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Data: Johns Hopkins; Chart: Axios Visuals

Today marks another devastating milestone in the 2020 history books:

The state of play: February 29: First reported U.S. coronavirus death; May 23: U.S. death toll hits 100,000; September 22: U.S. death toll hits 200,000, according to the Johns Hopkins tracker.

The big picture: The world's most powerful country has abjectly failed in its response to this pandemic.

  • The federal response has been abysmal, ranging from procurement disasters such as PPE to signs of rot at revered institutions like the CDC.
  • Many states made errors around quarantines and face mask rules.
  • The citizenry isn't immune from blame: America has been an outlier among its peers for its culture wars over face masks and social distancing.

The bottom line: Deaths keep coming — we’re averaging roughly 830 per day — even as the country increasingly sees the pandemic as background noise, reports Axios' Sam Baker.

Go deeper

Updated Dec 31, 2020 - Health

California reports first case of new coronavirus variant

Healthcare workers treating a patient in UCLA Medical Center in Torrence, California, on Dec. 29. Photo: Dania Maxwell/Los Angeles Times via Getty Images

California reported its first case of a new variant of the coronavirus that may be more transmissible, AP reports.

The big picture: California is the second state to document a confirmed case of the variant — which originated in the United Kingdom — after Colorado reported the first case in the United States on Tuesday.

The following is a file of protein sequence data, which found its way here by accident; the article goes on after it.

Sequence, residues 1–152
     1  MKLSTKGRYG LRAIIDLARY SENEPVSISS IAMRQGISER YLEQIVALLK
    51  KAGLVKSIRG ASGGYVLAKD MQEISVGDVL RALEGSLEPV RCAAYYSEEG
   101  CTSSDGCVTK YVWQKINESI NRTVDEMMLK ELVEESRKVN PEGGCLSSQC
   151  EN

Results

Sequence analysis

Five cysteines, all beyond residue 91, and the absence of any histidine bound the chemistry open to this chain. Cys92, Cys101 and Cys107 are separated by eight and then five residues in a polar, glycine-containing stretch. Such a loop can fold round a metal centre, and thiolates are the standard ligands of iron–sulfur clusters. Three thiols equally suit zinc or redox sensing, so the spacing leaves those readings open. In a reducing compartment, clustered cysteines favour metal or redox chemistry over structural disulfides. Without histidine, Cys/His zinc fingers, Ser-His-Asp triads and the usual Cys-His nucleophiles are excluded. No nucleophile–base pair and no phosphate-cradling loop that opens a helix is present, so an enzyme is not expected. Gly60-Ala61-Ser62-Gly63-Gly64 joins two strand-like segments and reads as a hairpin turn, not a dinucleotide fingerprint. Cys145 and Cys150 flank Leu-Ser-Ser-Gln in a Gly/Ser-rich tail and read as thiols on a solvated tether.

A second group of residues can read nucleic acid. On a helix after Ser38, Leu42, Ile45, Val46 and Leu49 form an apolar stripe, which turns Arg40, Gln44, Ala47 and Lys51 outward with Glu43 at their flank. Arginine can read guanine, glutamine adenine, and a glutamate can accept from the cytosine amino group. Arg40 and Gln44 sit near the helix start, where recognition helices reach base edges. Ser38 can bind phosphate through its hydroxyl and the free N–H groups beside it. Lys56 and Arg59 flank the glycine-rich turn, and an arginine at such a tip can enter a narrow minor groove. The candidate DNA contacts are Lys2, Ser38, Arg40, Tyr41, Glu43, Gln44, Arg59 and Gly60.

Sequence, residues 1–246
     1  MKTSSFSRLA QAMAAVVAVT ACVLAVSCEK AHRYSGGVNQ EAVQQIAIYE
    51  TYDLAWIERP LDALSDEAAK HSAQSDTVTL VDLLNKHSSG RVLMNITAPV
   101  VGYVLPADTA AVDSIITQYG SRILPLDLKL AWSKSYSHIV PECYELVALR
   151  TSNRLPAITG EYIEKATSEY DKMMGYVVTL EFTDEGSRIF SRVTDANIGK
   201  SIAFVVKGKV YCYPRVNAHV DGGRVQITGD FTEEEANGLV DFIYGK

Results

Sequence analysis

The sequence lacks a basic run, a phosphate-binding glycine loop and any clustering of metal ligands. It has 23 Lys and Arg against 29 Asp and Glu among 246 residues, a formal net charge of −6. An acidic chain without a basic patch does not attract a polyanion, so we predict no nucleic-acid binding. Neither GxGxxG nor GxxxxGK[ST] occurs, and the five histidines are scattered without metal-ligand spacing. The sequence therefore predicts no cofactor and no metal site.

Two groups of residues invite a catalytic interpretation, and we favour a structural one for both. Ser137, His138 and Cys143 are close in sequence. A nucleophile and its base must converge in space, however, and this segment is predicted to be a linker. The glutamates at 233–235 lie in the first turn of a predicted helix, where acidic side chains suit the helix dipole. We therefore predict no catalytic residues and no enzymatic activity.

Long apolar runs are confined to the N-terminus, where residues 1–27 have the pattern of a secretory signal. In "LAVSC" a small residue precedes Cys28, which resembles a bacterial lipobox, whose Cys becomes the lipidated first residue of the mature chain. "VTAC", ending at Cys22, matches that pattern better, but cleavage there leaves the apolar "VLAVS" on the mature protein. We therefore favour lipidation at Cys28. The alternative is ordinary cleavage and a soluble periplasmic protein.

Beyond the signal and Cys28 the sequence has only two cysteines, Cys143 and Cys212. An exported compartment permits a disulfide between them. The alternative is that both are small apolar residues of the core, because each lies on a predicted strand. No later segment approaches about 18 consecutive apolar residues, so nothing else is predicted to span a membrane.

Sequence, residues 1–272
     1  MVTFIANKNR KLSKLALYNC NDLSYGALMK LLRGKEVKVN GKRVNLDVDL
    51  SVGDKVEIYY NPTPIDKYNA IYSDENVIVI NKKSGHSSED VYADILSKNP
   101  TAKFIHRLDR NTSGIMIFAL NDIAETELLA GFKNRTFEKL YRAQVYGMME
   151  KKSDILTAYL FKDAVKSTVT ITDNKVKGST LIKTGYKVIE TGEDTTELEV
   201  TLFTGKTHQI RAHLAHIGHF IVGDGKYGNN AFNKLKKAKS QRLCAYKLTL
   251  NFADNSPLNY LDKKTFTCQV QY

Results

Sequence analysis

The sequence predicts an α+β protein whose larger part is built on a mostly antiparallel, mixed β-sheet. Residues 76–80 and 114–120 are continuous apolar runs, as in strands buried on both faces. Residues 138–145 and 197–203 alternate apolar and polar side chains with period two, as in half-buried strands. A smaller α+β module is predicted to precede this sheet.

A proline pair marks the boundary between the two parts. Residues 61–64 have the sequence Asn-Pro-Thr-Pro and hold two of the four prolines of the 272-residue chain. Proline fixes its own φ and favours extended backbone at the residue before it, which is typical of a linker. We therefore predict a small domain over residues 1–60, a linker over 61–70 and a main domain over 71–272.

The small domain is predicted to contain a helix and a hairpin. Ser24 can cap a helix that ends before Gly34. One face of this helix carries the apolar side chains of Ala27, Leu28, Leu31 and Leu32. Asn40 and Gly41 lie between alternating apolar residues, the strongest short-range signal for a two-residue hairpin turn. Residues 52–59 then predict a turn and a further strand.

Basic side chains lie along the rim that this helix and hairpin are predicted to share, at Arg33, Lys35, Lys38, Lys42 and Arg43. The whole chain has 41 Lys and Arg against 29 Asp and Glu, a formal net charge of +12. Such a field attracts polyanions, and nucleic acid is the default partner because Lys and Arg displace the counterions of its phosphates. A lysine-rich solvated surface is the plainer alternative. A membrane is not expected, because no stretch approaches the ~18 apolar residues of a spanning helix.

Republicans pledge to set aside differences and work with Biden

President Biden speaks to Sen. Mitch McConnell after being sworn in at the West Front of the U.S. Capitol on Wednesday. Photo: Erin Schaff-Pool/Getty Images

Several Republicans praised President Biden's calls for unity during his inaugural address on Wednesday and pledged to work together for the benefit of the American people.

Why it matters: The Democrats only have a slim majority in the Senate and Biden will likely need to work with the GOP to pass his legislative agenda.

The Biden protection plan

Joe Biden announces his first run for the presidency in June 1987. Photo: Howard L. Sachs/CNP/Getty Images

The Joe Biden who became the 46th president on Wednesday isn't the same blabbermouth who failed in 1988 and 2008.

Why it matters: Biden now heeds guidance about staying on task with speeches and no longer worries a gaffe or two will cost him an election. His staff also limits the places where he speaks freely and off the cuff. This Biden protective bubble will only tighten in the months ahead, aides tell Axios.